parlez-vous fran├žais?

A knock at the door of my furnished room

in a downtown Winnipeg rooming house

where I study in the afternoons.

I open to the woman from the next room,

and three weary-looking men.

 

They don’t speak English. She knows

I speak French, though she does not know

with what gaps and hesitations.

 

I turn to the men: Parlez-vous français?

 

For seconds, they stand blank.Then one face

lights up, one spine straightens. He has been

butting against incomprehension all day for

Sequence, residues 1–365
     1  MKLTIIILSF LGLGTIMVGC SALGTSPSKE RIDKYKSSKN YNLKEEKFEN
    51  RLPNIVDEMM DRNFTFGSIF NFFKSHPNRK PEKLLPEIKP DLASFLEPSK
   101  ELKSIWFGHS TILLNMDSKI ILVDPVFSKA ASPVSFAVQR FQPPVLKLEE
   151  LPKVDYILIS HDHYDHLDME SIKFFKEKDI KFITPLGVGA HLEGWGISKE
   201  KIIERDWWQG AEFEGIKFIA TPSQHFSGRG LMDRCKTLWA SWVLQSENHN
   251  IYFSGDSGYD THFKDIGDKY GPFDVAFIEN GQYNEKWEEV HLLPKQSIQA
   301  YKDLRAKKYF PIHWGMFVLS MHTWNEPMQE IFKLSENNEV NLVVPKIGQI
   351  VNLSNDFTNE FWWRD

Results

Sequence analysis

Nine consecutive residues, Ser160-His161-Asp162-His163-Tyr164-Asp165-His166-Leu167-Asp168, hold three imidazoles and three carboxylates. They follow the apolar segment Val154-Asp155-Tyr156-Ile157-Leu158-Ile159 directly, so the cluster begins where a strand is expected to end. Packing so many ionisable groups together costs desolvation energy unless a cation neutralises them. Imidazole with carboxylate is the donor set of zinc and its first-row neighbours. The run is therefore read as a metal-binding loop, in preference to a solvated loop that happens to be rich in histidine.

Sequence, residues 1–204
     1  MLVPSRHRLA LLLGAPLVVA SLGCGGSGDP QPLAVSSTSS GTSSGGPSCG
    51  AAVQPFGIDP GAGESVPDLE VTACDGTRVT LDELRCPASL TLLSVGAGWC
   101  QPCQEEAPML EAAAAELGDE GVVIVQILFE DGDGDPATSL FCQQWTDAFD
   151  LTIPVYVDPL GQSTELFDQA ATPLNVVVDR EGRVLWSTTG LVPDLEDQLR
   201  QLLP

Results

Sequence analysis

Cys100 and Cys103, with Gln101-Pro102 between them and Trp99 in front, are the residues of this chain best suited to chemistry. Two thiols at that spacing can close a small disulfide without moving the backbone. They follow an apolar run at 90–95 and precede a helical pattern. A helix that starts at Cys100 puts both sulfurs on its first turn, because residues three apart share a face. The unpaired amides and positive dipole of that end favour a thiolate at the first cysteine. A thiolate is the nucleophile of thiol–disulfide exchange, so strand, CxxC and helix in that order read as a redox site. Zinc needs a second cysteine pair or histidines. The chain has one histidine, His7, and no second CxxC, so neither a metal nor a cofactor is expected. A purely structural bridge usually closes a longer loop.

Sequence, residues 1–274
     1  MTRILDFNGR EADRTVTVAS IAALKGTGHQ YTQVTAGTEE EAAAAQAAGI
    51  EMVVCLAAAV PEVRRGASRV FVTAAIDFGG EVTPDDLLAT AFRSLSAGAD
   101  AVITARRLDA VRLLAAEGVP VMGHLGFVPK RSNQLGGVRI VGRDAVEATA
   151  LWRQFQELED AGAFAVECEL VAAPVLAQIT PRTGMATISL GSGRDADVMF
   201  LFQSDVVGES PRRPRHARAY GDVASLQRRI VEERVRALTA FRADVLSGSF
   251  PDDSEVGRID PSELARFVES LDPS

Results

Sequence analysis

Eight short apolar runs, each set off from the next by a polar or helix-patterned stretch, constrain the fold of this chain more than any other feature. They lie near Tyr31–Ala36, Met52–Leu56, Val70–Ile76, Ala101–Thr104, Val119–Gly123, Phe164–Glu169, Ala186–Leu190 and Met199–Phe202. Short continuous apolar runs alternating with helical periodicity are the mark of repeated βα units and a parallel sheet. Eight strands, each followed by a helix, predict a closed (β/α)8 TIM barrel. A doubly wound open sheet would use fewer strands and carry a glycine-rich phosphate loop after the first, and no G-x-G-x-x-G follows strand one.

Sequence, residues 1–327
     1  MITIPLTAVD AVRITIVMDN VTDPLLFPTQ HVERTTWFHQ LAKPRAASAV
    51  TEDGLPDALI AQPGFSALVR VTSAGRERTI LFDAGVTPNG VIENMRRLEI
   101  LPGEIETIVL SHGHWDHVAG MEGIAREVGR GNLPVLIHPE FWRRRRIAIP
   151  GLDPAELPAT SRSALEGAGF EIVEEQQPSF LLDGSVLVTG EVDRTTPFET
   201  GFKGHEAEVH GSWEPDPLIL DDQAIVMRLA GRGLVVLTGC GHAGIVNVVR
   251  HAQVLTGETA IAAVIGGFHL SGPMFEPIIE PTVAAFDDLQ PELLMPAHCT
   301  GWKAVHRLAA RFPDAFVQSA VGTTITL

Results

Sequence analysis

how many days. He no longer expects

anything else and so is slow to realize

that he knows what I’m saying.

 

Oui! Such relief! I have never seen

such relief. He tells me they are looking

for rooms to rent. I translate for my neighbour,

he for his companions. I struggle against

the limitations of my French. I tell them

about the small apartment that takes up

the third floor, about a single room

downstairs. I go with them to look in case

they have questions.

 

It is the winter of 1968-69. They are Czech

refugees. I am a student. French is my

mother tongue, but I am not easy with it.

It is the first time my knowledge of it has done

anybody else any good:

how his face shed its look

of blank discouragement, how his body shed

its weariness

 

when I spoke.